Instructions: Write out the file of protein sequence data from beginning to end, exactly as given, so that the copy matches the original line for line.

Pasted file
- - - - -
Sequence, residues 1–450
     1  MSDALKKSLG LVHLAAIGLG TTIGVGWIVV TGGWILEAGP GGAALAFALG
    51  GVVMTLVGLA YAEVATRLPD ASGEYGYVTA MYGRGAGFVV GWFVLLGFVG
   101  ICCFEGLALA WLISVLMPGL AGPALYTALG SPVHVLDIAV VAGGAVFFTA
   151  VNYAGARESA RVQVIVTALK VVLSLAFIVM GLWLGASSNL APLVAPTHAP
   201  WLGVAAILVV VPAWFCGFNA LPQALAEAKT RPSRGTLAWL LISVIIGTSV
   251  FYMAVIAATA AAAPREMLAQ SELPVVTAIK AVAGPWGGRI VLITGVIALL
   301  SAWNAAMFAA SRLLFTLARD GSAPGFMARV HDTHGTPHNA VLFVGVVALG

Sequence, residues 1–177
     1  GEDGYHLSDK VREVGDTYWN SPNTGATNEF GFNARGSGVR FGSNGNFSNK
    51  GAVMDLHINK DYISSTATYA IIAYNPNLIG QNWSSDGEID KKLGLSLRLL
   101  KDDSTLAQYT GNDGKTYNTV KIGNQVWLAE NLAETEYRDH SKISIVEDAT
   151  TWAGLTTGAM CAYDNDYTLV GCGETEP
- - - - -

Sequence, residues 1–450
     1  MSDALKKSLG LVHLAAIGLG TTIGVGWIVV TGGWILEAGP GGAALAFALG
    51  GVVMTLVGLA YAEVATRLPD ASGEYGYVTA MYGRGAGFVV GWFVLLGFVG
   101  ICCFEGLALA WLISVLMPGL AGPALYTALG SPVHVLDIAV VAGGAVFFTA
   151  VNYAGARESA RVQVIVTALK VVLSLAFIVM GLWLGASSNL APLVAPTHAP
   201  WLGVAAILVV VPAWFCGFNA LPQALAEAKT RPSRGTLAWL LISVIIGTSV
   251  FYMAVIAATA AAAPREMLAQ SELPVVTAIK AVAGPWGGRI VLITGVIALL
   301  SAWNAAMFAA SRLLFTLARD GSAPGFMARV HDTHGTPHNA VLFVGVVALG

Sequence, residues 1–177
     1  GEDGYHLSDK VREVGDTYWN SPNTGATNEF GFNARGSGVR FGSNGNFSNK
    51  GAVMDLHINK DYISSTATYA IIAYNPNLIG QNWSSDGEID KKLGLSLRLL
   101  KDDSTLAQYT GNDGKTYNTV KIGNQVWLAE NLAETEYRDH SKISIVEDAT
   151  TWAGLTTGAM CAYDNDYTLV GCGETEP